|6:30PM||Doors open and reception|
|7:00PM||Live music by Lapland|
|9:00PM||Q and A with Davy Rothbart, Andrew Cohen and Steve Buscemi|
Indoors at the Angel Orensanz Foundation
Lower East Side
172 Norfolk St New York, NY 10002
F train to 2nd Avenue.
Rooftop Films and Piper-Heidsieck Champagne proudly present a special sneak preview of the documentary film MEDORA at the Angel Orensanz Foundation on November 6th. Directed by Andrew Cohn and Davy Rothbart, MEDORA follows the down-but-not-out Medora Hornets varsity high school basketball team over the course of the 2011 season, capturing the players’ stories both on and off the court. Event to Include Q&A and Champagne with the filmmakers and with executive Producer Steve Buscemi.
Medora (Davy Rothbart and Andrew Cohen | 82 min.)
Years ago, Medora was a booming rural community with prosperous farms, an automotive parts factory, a brick plant, and a thriving middle class. The factories have since closed, crippling Medora's economy and its pride. The population has slowly dwindled to around 500 people. Drug use is common, the school faces consolidation, and as one resident put it, “This town's on the ropes.”
Medora follows the down-but-not-out Medora Hornets varsity basketball team over the course of the 2011 season, capturing the players’ stories both on and off the court. The Hornets were riding a brutal losing streak when we arrived, and the team’s struggle to compete bears eerie resonances with the town’s fight for survival.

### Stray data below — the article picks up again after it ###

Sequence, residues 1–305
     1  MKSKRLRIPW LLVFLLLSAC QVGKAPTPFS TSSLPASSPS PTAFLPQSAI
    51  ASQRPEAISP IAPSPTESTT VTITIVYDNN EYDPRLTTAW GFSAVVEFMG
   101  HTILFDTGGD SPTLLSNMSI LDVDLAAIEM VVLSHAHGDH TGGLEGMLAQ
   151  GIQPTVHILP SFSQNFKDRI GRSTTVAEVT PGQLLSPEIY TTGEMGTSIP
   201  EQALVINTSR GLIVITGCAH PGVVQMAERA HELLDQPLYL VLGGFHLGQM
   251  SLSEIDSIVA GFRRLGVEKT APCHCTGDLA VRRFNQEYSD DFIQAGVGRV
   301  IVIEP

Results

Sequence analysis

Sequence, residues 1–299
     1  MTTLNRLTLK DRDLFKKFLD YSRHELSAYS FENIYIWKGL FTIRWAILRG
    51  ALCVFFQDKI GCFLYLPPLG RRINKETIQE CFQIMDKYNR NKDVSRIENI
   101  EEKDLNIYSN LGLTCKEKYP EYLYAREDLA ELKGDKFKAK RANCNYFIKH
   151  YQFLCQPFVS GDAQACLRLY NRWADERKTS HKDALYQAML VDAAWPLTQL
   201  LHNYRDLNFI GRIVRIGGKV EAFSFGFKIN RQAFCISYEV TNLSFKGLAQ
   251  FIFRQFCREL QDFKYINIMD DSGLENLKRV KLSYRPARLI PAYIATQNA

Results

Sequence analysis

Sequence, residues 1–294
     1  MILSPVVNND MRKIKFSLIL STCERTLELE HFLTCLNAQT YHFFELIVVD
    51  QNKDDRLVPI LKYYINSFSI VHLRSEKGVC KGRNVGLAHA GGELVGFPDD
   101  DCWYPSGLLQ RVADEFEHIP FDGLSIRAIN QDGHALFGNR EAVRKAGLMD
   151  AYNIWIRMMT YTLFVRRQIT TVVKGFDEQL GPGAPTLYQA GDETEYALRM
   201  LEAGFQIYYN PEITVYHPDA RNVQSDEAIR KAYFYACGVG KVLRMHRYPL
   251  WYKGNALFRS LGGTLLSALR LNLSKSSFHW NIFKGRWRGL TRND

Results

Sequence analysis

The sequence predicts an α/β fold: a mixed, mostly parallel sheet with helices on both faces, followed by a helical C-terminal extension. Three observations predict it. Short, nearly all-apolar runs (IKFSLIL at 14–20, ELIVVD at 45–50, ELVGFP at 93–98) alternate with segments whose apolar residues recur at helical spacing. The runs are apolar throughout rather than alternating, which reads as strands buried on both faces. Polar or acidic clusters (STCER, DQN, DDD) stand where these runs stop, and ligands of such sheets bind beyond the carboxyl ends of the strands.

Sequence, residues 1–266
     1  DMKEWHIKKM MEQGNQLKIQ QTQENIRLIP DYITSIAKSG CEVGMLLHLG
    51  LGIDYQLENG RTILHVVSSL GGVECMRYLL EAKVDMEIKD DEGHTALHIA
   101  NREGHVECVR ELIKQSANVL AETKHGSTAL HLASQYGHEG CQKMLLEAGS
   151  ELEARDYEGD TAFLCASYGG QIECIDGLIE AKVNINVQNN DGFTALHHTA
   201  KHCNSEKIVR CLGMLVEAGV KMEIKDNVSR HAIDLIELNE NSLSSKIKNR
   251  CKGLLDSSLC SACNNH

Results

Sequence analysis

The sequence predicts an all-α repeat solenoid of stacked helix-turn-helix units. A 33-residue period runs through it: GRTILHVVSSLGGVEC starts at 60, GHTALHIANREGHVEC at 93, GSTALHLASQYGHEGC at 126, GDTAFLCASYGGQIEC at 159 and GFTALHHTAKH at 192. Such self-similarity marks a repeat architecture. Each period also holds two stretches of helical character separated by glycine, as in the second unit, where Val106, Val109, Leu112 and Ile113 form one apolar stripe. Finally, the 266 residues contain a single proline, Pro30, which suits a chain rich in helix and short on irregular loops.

Medora is an in-depth, deeply personal look at small-town life, a thrilling, underdog basketball story, and an inspiring tale of a community refusing to give up hope despite the brutal odds stacked against them. On a grander scale, it’s a film about America, and the thousands of small towns across the country facing the same fight. As one towns-person told us, “Once we lose these small towns, we can't get them back."
Lapland is the moniker for Josh Mease, a Brooklyn songwriter whose style is difficult to categorize, moving fluently through different styles and genres while maintaining a uniquely personal sound. From the percolating electronic gallop of the opening track, “Unwise”, to the blue-eyed soul of “Aeroplane”, to the acoustic haze and layered harmonies of “Overboard”, Mease always keeps things interesting. One can hear the effect of the myriad music styles and genres that informed Lapland – early synth pioneers of the 60′s and 70′s, French Impressionists like Ravel and Debussy, and 1970′s staples like Fleetwood Mac.
The name Lapland only presented itself after the album was completed, when Mease picked up a book from the $2 stacks at a used bookstore called “Lappland Wanderland.” The book contained photos of other-worldly landscapes and vast open spaces which seemed to connect with Mease’s new recording. It was not a difficult decision to adopt the name Lapland for this new phase of Mease’s career. The scope of his work deserves a moniker of symbolic significance. And so, Lapland began.